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Journal of Experimental Biology partnership with Dryad

The Mauthner-initiated startle response in teleost fish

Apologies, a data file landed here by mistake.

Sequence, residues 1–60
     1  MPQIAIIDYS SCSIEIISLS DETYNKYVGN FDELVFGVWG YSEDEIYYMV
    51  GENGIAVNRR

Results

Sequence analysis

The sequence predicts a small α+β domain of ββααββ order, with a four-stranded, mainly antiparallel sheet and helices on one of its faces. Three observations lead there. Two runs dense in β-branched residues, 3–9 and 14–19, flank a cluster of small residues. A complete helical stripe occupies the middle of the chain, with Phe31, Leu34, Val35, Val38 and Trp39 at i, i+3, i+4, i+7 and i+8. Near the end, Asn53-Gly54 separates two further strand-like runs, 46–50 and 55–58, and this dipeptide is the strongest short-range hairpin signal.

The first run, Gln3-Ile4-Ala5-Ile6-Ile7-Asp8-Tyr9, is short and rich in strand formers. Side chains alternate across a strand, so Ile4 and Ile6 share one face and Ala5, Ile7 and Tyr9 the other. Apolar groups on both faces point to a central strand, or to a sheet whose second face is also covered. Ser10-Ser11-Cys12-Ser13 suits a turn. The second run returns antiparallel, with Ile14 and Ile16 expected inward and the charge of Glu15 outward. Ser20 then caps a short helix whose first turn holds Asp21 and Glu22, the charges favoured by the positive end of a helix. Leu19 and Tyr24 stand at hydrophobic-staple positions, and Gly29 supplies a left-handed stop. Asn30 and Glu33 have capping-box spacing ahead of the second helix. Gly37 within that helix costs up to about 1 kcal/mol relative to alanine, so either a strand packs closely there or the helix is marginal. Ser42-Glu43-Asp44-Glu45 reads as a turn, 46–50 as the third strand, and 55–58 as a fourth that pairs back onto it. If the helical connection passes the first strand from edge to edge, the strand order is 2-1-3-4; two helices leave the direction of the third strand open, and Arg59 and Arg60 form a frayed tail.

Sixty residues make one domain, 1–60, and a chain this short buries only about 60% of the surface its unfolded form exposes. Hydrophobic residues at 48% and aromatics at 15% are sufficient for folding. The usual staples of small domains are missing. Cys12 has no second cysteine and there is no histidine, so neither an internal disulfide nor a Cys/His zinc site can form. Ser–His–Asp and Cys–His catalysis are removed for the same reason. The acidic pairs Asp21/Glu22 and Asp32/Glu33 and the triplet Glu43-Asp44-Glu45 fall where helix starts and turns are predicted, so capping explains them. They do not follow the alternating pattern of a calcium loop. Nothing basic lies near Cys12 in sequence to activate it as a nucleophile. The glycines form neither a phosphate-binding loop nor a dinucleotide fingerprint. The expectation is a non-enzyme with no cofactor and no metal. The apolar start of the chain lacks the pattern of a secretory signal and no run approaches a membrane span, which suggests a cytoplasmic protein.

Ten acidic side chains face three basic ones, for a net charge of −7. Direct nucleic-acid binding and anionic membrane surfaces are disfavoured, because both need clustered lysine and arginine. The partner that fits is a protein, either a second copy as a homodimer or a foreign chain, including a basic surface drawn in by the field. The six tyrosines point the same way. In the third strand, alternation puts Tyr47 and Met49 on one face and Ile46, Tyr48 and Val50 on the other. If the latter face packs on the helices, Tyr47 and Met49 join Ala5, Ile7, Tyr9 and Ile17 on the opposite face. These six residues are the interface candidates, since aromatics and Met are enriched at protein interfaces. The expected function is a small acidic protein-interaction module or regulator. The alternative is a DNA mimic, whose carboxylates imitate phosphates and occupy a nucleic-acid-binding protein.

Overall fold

1. A characteristic behaviour, the 'Mauthner-initiated startle response', was recorded and quantitatively analysed with high-speed cinematography (200 frames/sec) after vibrational stimulation in 11 of 13 teleost species which possess Mauthner cells. 2. The latency of the response is 5-10 msec. This behaviour has: (a) an initial phase, the 'fast-body-bend', lasting about 20 msec and consisting of a stereotyped displacement of the head and tail to one side and (b), a second phase, the 'return-flip', consisting of a non-stereotyped flip of the tail to the opposite side. 3. Within 100 msec after the start of the Mauthner-initiated startle response, most fish were displaced 0-5-1-5 body lengths from their initial position. The variability of the animal's location after 100 msec suggests that the behaviour is adaptively non-predictable; 4. In goldfish, the Mauthner-initiated startle response could also be elicited by visual stimulation. 5. We conclude that the fast-body-bend is the direct result of activation of one Mauthner cell and its spinal motor neurone pool. 6. In four species we described examples of apparently non-Mauthner initiated startle responses.